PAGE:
Mac Sweeney then turns to the Renaissance and Enlightenment periods, and readers can see the narrative of "the West versus the rest" begin to take shape. It was still malleable during the lifetimes of Renaissance poet Tullia D'Aragona (see Beyond the Book) and Safiye Sultan, the queen mother of the Ottoman Empire who cultivated alliances with Elizabeth I. This narrative further solidified in the 17th century, as seen through Francis Bacon, an English philosopher and politician who helped develop what we call the scientific method. His writings exemplified the new emphasis on Greco-Roman heritage for European countries that were becoming colonial powers. Crucially, Mac Sweeney shows how in the 16th and 17th centuries it was still possible to be an "outsider" and claim a part of that heritage—her chapter on African queen Njinga demonstrates how Christianity was still a pathway to acceptance as a Westerner.

By the 18th century, however, "the West" as a cultural concept had coalesced in Europe and the newly independent United States. The author deftly shows that as colonialism expanded and the US grappled with slavery and its expansion over indigenous populations, white Europeans and their descendants more stridently defined themselves against enslaved or subjugated "others." With Christianity split into numerous Protestant groups plus Catholics, white racial characteristics and Greco-Roman roots became the glue holding dominant cultures together.

The lives of American revolutionary preacher Joseph Warren and British prime minister William Gladstone show how this narrative allowed western European and American elites to overcome the inherent contradictions in expounding democratic principles while conquering and enslaving other societies. As she explains, "Thanks to the ideas promoted by men such as Warren, the revolutionaries could comfortably agitate for their own freedom on the basis of their Western heritage, without necessarily extending that freedom to others, and they could decry the subjugation of themselves, as Westerners, to imperial oversight, without rejecting the principle of imperialism in itself." The inclusion of a chapter on Phillis Wheatley, an accomplished poet and former enslaved Black woman, is an excellent juxtaposition to show how race, by the 18th century, became a defining feature excluding "others" from Western heritage, no matter their intellectual achievements.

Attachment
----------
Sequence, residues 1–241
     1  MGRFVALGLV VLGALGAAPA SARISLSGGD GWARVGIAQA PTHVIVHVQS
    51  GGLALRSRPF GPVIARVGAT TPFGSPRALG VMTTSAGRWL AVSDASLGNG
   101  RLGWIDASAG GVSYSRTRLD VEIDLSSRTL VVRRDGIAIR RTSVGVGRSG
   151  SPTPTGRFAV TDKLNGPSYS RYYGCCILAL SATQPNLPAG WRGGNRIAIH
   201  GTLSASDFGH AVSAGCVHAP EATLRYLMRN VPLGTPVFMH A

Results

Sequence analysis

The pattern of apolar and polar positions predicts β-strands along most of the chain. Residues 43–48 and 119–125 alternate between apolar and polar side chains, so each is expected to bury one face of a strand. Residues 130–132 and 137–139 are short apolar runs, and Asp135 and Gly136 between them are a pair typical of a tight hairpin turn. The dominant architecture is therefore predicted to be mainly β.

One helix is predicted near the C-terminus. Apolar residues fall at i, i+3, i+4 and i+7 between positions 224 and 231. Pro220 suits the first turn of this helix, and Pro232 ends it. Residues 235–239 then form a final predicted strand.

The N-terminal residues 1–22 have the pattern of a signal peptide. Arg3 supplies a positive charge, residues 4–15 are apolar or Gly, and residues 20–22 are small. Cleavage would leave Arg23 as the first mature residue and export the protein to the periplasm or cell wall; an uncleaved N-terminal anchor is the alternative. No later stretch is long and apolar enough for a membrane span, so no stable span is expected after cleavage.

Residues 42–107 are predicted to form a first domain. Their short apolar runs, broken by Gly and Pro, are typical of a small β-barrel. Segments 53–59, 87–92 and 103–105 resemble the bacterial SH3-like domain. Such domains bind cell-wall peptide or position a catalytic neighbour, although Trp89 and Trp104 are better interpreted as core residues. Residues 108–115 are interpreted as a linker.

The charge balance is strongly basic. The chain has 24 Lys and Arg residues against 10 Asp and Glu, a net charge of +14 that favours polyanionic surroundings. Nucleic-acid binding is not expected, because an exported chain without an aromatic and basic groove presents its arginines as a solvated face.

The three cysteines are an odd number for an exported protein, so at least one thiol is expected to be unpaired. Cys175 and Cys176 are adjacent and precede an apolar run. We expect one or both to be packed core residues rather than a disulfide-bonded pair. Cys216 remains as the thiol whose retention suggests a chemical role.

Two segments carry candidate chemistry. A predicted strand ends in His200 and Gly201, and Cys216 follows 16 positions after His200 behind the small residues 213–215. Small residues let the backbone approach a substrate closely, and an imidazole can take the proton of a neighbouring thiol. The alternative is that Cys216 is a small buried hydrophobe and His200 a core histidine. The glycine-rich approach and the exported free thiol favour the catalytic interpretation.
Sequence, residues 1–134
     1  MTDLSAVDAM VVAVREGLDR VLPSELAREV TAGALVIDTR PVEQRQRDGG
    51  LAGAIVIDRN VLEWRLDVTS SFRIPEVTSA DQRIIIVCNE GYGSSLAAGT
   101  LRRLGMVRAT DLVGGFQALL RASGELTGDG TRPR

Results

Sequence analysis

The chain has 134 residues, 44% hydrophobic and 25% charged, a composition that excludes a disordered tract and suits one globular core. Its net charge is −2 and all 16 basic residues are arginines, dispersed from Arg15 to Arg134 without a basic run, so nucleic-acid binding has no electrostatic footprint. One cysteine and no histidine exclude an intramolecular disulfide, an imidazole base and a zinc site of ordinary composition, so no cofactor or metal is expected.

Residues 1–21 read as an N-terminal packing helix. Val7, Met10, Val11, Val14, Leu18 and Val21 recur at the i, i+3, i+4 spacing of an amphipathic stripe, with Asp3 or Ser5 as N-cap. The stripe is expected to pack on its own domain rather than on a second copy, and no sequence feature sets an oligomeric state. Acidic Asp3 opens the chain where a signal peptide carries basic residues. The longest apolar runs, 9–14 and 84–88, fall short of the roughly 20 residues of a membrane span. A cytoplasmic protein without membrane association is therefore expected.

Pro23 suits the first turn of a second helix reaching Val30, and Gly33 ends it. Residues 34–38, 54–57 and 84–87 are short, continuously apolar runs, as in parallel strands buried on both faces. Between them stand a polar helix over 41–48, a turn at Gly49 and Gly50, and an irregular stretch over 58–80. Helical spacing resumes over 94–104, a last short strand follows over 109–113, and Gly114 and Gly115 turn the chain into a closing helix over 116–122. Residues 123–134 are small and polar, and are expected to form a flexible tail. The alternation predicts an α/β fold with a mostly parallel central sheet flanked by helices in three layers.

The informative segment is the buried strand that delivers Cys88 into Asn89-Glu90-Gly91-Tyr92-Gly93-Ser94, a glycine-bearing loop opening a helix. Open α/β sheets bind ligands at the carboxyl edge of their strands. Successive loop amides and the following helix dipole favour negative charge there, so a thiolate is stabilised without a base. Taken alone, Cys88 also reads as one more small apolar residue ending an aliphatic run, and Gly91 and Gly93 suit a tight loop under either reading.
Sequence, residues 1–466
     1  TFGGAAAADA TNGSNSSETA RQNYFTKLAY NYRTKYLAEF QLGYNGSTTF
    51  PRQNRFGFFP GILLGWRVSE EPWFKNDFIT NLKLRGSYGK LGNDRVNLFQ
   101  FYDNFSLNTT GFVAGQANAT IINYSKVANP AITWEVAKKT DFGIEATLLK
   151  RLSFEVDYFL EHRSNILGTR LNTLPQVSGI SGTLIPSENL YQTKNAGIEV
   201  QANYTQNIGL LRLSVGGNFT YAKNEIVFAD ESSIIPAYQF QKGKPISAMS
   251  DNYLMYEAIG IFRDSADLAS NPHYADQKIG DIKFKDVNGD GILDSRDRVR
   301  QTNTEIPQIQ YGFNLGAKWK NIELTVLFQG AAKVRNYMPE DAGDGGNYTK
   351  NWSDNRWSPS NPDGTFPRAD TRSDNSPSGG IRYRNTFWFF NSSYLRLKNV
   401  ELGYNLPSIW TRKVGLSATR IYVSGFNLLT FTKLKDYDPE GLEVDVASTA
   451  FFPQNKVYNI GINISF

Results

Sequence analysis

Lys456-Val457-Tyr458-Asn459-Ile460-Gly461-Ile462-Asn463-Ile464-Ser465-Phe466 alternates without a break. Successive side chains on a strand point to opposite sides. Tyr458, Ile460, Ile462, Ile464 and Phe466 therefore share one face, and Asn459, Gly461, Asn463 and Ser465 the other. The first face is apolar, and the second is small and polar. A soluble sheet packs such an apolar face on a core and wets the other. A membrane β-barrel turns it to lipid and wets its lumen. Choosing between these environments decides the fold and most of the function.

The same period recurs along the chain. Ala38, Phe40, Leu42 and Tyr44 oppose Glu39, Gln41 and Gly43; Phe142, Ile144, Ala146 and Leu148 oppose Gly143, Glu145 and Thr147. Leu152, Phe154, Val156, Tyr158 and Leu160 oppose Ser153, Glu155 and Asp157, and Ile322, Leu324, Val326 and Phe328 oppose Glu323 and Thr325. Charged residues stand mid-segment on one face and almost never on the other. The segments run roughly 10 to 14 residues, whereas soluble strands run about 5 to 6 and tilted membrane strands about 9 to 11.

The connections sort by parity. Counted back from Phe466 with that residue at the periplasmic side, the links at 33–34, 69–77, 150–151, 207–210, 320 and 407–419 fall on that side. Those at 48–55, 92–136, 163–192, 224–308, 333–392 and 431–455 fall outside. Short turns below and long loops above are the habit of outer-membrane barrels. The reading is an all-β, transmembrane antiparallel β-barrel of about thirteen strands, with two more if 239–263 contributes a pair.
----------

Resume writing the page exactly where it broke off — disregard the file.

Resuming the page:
Mac Sweeney concludes by acknowledging the criticisms of the idea of "the West" and its supposed cultural superiority, first through the life of public intellectual Edward Said in the 20th century and lastly with Hong Kong chief executive Carrie Lam in the 21st. Through the latter, the author explains a problematic counternarrative emerging from the Chinese government that culture is universally unchanging and static, which does nothing to overcome cultural barriers or foster genuine exchange.

She leaves the reader with the notion that "the shape of history is different depending on your vantage point," which is a central tenet of historical study and an important reminder that reading history is so often a mirror of our own values and expectations. The greatest facet of this book is how it encourages readers to consider a more nuanced, interwoven history that, by re-evaluating the past with the full breadth of our knowledge, pays tribute to the very ideals of Western Civilization while broadening what that definition really means.

Reviewed by Rose Rankin

This review first ran in the May 17, 2023 issue of BookBrowse Recommends.